Once she tried to tell him that some people are so enraptured it just spews out of them (love-lust on the brim), powerless as they are to contain it, let alone stop it.
Suddenly she knew what that meant, as she heard her breath settle, almost like breathing was superfluous. At that moment, she forgot completely where she was and who she was with – the wave of electricity overpowering all else – so that it would seem very natural if she and this complete stranger were to make love then and there.
And if it weren’t for the sound of a moped trudging up the hill, who knows what might have happened. Snapping to attention, she pulled away, making her way downhill back to the hotel. What was that? she thought, her left shoulder with its indecent mole still burning.
The wedding took place at sunset right on schedule, too soon after that rogue kiss to make her feel anything but bewildered. It was a small wedding; their closest friends and his parents.
All assembled in casual beach wear, just as they had planned. Peter’s mother had arranged for a local official to undertake the ritual reading of vows through her travel agent, even though the ceremony was more symbolic than anything else. Back in California, they would get married again – in the town hall for the sake of the marriage certificate.
They sealed their I do’s with a chaste peck on the lips. Afterward, Carol looked at her husband’s face, a decision she would come to regret. He grinned, looking the way he did when he had just won a swim tournament – that placid pride, so tranquil and light. A pond’s depth of feeling to him, she thought.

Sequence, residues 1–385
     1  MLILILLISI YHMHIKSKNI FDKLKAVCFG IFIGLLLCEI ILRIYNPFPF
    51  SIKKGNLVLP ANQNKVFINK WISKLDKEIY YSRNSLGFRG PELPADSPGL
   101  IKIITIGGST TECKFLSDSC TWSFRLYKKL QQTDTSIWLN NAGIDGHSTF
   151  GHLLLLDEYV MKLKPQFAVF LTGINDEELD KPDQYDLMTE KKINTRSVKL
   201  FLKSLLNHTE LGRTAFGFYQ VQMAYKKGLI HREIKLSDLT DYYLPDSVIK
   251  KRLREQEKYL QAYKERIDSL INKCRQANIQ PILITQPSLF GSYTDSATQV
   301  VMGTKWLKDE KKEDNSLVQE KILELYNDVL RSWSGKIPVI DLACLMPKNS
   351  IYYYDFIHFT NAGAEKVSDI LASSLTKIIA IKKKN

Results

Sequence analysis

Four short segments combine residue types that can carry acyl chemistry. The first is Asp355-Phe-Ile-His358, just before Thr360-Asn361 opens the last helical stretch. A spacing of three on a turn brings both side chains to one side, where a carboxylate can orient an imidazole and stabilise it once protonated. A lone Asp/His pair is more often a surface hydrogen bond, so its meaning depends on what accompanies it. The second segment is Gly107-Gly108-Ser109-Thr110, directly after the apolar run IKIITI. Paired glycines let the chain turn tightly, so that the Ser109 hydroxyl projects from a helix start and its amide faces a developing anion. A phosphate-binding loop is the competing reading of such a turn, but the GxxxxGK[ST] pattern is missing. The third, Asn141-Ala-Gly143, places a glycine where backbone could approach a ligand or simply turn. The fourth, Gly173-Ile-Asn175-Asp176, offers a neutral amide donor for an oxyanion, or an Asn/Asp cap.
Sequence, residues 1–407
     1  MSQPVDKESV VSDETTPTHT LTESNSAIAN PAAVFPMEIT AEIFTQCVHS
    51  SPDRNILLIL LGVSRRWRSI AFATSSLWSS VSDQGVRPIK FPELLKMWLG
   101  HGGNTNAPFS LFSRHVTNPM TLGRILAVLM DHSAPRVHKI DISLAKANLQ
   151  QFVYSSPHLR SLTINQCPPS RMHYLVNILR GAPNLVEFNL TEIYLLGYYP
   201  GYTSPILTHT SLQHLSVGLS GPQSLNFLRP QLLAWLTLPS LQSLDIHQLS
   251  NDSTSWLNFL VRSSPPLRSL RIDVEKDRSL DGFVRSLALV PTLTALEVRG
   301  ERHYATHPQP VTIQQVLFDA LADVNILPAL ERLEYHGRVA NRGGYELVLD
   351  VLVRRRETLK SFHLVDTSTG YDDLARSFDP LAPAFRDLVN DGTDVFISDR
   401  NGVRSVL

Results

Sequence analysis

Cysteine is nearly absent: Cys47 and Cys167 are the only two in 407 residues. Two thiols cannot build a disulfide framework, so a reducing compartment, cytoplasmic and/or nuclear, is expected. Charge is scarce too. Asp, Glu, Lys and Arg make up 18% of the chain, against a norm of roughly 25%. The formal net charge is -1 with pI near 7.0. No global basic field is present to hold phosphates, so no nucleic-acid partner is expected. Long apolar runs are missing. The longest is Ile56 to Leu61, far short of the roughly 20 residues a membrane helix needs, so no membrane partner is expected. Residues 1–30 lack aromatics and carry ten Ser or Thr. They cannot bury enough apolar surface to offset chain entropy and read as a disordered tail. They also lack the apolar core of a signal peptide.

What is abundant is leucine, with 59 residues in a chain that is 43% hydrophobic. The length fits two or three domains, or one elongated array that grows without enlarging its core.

It filled her with a sudden violent dread. She looked at those large green eyes, and the feeling of being underwater, something or someone holding her head down, came over her.
She felt herself being dragged to shore – with his mother, dad, their friends witnessing it all with their faces grinning stupidly as Peter plunged her in, chiming “Glide!”
But what was she thinking! Peter would never do that. Sweet Peter was merely scrunching up his nose, still grinning. “Someone’s been smoking,” he said, all jokey. She raised her shoulders as if to shrug, but let them drop back down instead. Peter never looked at the mole. For him, it didn’t exist.
The party after dinner came as a relief, as a troupe of folkloric dancers had been summoned to the taverna. After their last number, the newlyweds were ushered to the stage and someone handed Carol an empty glass.
What was she supposed to do with it? And then she remembered. Right, Greek wedding, glass throwing. She tossed it at the designated spot that Peter’s mom had marked with chalk. It read “Throw glass here.”
She threw the glass, but it didn’t break. Instead, it skittered off the edge of the stage. She heard tittering before it went quiet again, all eyes on her. Oh, the suspense, she thought, with a sudden bout of sarcasm. The glass was handed back to her and was just about to throw it when she saw him. Him. How did he get there? Sure, the taverna was open to the public, so that technically anyone could walk in, but this seemed like a deliberate taunt, something her mother would have found funny. Somehow, it was as if she were right there, whispering “Here’s reality pinching you.”
Even dead, Andrea still had the last laugh.
She met his eyes across the room. Unlike everyone else, he was the only one who looked real now. Peter nudged her. “C’mon babe, what are ya waitin’ for?” he said.
“Nothing,” she answered.
She threw the glass at the dotted line, splintering into pieces as nearly everyone cheered.
Text in this post: © Mariana Sabino
Published with the permission of Mariana Sabino